It’s that time of year again for family and food — and lots of it! It’s estimated that the average American will consume 4,500 calories on Thanksgiving, and this year will be no different. While most of us are drawn to high protein, high sugar, and high fat holiday fare, a recent study shows that going back for seconds of turkey and ham could increase your risk of developing cancer just as much as smoking.
Researchers from the University of Southern California followed more than 6,000 adults for almost 20 years and found that among those ages 50-65 protein lovers were 74% more likely to die than their low-protein counterparts during that period. Significantly, researchers suggest that animal proteins, rather than plant proteins, are responsible for this relationship. Scientists defined a “high-protein” diet as eating 20% of calories from plant-based and animal-based protein; “moderate” as 10-19% and “low-protein” as less than 10%. One major finding was that that age does matter as middle-agers (50-65 years) who ate only a moderate amount of protein from animal sources were still three times more likely to die of cancer than those dining on a low-protein diet. On the flip side, this study suggests that moderate to high protein consumption in old age (over age 65) is optimal for health.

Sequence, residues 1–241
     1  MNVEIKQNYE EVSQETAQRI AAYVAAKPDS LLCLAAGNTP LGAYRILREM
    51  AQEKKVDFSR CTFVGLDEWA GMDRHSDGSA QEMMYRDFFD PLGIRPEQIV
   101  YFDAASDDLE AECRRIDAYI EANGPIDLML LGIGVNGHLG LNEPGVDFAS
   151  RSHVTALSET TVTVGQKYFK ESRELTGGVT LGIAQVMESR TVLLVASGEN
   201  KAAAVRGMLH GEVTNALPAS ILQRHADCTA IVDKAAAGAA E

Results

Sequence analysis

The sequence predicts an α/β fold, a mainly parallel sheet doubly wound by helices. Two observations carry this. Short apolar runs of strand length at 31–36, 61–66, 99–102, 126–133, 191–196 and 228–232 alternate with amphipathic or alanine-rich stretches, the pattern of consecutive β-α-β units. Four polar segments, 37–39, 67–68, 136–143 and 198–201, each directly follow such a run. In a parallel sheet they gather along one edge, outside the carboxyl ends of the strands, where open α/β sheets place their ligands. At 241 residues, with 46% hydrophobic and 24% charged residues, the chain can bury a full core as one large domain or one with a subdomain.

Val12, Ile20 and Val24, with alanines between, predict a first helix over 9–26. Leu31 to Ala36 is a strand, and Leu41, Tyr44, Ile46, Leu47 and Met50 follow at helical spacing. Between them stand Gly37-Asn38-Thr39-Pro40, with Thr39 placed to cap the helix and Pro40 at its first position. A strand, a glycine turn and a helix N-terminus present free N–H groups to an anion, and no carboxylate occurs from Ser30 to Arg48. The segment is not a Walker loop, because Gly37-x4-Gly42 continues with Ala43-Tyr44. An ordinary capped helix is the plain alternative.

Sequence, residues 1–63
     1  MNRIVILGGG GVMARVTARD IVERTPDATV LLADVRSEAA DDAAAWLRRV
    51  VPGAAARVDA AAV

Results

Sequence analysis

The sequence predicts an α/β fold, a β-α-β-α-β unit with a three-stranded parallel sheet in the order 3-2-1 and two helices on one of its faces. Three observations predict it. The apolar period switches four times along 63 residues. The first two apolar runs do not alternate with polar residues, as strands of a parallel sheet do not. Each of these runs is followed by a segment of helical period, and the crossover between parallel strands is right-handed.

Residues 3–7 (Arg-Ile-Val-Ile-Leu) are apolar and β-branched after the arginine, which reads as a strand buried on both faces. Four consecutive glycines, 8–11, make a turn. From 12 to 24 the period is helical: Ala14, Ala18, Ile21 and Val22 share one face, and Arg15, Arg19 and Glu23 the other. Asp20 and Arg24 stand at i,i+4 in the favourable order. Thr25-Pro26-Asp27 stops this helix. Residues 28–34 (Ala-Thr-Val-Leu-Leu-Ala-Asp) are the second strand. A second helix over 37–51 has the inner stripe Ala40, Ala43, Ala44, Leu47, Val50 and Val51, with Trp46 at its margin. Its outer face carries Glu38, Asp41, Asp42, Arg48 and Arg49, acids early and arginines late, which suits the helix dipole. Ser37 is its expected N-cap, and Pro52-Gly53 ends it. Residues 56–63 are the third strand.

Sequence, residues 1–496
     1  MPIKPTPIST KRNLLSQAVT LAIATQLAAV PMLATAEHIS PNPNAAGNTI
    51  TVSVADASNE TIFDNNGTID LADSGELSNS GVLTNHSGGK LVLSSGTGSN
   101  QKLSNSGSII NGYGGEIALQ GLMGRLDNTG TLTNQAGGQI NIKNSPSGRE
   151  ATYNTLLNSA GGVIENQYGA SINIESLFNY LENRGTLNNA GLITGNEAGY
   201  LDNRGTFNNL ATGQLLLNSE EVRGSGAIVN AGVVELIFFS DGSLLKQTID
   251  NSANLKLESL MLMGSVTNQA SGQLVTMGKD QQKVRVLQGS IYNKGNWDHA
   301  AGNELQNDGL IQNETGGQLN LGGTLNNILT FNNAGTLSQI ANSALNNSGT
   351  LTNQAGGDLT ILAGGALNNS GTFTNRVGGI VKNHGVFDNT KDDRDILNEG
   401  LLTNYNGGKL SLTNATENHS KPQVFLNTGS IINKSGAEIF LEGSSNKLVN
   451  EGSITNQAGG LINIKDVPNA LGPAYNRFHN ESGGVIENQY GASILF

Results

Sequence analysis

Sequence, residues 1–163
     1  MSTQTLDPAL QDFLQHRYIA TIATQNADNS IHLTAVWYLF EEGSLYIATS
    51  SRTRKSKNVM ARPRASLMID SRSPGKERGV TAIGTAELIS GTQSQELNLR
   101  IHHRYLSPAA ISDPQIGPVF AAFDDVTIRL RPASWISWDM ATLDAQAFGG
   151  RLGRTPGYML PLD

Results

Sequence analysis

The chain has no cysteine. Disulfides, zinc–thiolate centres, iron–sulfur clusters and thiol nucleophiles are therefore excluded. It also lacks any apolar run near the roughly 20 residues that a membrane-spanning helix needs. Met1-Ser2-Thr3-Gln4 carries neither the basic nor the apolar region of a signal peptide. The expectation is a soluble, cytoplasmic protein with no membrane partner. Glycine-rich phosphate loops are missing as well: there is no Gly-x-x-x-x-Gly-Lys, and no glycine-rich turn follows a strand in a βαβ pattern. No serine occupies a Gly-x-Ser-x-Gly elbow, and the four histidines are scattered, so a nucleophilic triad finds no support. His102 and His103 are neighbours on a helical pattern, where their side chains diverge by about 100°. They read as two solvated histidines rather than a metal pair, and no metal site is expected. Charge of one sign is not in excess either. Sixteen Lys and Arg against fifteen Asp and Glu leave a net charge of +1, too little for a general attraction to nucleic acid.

We already know some potential dangers of excess meat consumption. Research has found that consumers who ate the most processed meat were 67% more likely to develop pancreatic cancer. Another study showed a 38% increased risk of stomach cancer to those who ate as little as one small hot dog or four pieces of bacon a day. This study is the first to show a direct link between high protein and mortality risk. Reducing protein intake from a moderate to a low level reduced the probability of premature death by 21%.
You don’t have to forego your traditional Thanksgiving turkey, but here are some healthy makeover tips and better-for-you ways to enjoy your holiday feast this year:
- Fill half your plate with veggies
- Snack on fresh crudités and fruit before the meal to reduce hunger
- Make low-fat gravy with unsalted turkey stock, skim milk and fresh herbs
- Choose white meat over dark
Looking for ways to produce a healthy seasonal meal with less focus on the high-protein turkey? Middle-agers, try our Butternut Hummus Tartine. Seniors over age 65 … try our Roast Turkey Salad with Cranberry Vinaigrette.
Published November 1, 2014